An old friend died the other day.
Bill Taylor wasn’t just anybody either. Not to me. Not to the country.
Indeed, his obit ran in The New York Times and other major newspapers.
They told how he was a major civil rights attorney, starting his career with Thurgood Marshall, then head of the NAACP Legal Defense and Educational Fund.
Attorneys there had this brilliant young lawyer write the legal brief in the Little Rock desegregation case.
He was the lead attorney in a number of cases, including St. Louis. And in Cincinnati.
“I wish we could clone him,” Federal District Judge Walter Rice in that case told me.
I got to know Bill when I was writing editorials that called for Fort Wayne Community Schools to fully desegregate its kids. That was in the 1970s and 1980s. The district ran half dozen schools that we nearly all black in our inner city. Bill, mostly by telephone, tutored me in the fine points of desegregation law, the history of major court decisions and the legal basis of any suit we could file against the district here.
I got to know Bill best at education conferences and, when my wife Toni was a program officer at the National Science Foundation in 1992, over a number of lunches.
I helped enlist Bill to lead the effort to get the Fort Wayne district to do what I strongly felt was its legal and moral responsibility. With the financial support of Lincoln National Corp.’s CEO, Ian Rolland, Bill got involved. First, he tried negotiations with school attorneys. That produced only frustration. Then, in 1986, he filed the lawsuit in federal court. It wasn’t until 1989, however, that district officials consented to an out-of-court settlement.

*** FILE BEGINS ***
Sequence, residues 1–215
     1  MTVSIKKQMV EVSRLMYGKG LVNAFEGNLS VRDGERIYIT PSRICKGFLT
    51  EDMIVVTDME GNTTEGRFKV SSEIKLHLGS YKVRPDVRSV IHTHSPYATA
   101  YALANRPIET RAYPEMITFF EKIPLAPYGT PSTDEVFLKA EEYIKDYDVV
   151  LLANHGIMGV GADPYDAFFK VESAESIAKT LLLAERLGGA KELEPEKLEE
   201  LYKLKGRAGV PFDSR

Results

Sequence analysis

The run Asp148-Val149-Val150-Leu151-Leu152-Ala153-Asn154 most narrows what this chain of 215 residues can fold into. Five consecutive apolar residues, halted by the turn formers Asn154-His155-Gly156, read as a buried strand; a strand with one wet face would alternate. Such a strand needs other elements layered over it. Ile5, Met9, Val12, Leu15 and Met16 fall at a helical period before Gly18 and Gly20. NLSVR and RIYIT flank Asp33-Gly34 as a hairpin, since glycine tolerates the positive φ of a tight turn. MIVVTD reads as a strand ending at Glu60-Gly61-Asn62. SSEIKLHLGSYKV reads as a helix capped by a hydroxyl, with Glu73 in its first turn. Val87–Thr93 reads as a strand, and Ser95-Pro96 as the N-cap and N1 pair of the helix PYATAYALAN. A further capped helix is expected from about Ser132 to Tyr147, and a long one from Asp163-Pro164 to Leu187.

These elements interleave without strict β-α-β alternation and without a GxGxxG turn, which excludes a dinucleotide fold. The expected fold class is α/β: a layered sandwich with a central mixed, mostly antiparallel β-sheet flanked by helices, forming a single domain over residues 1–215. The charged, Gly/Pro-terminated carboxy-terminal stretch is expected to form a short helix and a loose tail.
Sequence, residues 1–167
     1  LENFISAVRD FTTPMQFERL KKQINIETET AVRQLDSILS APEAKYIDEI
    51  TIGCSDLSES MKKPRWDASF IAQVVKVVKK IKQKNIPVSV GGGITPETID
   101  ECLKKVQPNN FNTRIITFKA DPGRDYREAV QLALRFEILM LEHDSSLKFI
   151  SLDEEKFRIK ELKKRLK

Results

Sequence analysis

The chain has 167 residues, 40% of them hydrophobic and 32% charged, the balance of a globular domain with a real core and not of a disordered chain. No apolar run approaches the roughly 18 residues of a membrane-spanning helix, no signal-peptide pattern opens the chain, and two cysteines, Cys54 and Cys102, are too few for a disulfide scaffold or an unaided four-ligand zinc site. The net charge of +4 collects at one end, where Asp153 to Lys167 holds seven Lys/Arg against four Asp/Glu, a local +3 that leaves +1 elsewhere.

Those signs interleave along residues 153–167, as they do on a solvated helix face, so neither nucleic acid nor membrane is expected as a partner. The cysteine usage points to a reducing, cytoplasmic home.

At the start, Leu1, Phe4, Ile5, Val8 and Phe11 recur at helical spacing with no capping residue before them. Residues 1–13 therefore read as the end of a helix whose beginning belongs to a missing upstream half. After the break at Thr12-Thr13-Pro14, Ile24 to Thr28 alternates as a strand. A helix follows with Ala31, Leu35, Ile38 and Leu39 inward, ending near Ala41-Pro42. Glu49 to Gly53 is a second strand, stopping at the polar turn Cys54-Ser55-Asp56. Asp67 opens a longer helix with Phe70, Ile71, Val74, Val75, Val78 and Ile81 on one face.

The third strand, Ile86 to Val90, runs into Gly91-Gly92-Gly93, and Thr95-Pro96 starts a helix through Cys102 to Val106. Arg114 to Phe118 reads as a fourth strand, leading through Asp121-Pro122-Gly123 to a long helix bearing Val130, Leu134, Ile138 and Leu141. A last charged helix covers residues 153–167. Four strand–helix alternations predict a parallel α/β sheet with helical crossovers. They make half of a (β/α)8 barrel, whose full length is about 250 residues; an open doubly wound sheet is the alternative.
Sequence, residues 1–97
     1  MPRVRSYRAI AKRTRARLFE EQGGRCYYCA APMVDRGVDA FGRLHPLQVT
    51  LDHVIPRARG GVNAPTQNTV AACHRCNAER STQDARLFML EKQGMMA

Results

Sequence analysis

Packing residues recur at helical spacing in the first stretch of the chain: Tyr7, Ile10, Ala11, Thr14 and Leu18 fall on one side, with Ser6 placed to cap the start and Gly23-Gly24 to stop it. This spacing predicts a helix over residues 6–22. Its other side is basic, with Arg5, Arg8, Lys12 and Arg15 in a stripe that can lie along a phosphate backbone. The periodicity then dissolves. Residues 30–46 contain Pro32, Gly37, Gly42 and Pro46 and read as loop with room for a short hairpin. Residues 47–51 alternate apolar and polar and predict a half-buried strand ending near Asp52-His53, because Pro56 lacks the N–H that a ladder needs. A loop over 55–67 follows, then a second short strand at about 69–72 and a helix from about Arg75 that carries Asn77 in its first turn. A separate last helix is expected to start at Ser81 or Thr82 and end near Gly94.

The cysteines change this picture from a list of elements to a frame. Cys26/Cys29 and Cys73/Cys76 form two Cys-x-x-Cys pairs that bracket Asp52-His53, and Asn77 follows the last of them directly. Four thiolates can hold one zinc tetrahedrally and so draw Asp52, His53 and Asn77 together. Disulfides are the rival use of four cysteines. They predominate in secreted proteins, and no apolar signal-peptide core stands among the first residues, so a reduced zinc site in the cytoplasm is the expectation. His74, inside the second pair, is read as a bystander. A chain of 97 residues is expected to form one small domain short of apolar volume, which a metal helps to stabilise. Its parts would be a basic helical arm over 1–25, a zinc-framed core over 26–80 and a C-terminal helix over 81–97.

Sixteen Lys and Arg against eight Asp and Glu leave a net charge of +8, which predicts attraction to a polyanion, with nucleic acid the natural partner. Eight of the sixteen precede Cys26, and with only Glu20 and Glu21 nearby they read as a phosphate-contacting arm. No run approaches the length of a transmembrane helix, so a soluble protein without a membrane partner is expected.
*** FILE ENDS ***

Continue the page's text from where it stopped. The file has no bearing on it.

The result was to racially balance all Fort Wayne schools, mostly by creating a number of magnet schools.
That watershed event in the community’s history now seems so long ago. You no longer see letters to the editor decrying the integration of the schools. Nobody even proposes filing a new lawsuit to overturn the district’s method of assigning students. A recent Supreme Court ruling would appear to place that method in legal jeopardy.
Meantime, in his legal work, and lobbying in Congress, Bill went on to other things. That included drafting the No Child Left Behind Law for Sen. Ted Kennedy. To Bill’s dismay, President Bush and the Republican controlled Congress failed to adequately fund the law. Nevertheless, Bill always felt that much-maligned law helped established standards to the benefit of poor and minority kids. He wrote a memoir, “The Passion of My Times.”
Since I learned of Bill’s death last week, I’ve often thought how far from realizing the equality that civil rights champions like him dreamed of. Lots of our fellow citizens object to the idea of having a black president. Others have no interest in making it possible for undocumented immigrants to become citizens.
Maybe these folks don’t hate America. But it’s the America of the 1950s they think they love. The country we’ve become, with much expanded rights and opportunities for those who may not be like us, that’s the America they hate.
To the end, though, I know that Bill Taylor never gave up on his dream of a greater America, a country of justice for all. He sure did his part. Of course, I’ll miss him.